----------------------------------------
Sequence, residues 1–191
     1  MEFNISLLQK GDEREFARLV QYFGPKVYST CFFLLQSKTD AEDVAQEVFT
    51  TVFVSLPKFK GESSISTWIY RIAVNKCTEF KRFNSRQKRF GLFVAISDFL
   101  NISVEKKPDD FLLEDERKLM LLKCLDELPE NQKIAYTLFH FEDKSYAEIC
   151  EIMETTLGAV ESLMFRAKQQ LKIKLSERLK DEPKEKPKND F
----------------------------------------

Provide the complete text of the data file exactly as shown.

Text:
Sequence, residues 1–191
     1  MEFNISLLQK GDEREFARLV QYFGPKVYST CFFLLQSKTD AEDVAQEVFT
    51  TVFVSLPKFK GESSISTWIY RIAVNKCTEF KRFNSRQKRF GLFVAISDFL
   101  NISVEKKPDD FLLEDERKLM LLKCLDELPE NQKIAYTLFH FEDKSYAEIC
   151  EIMETTLGAV ESLMFRAKQQ LKIKLSERLK DEPKEKPKND F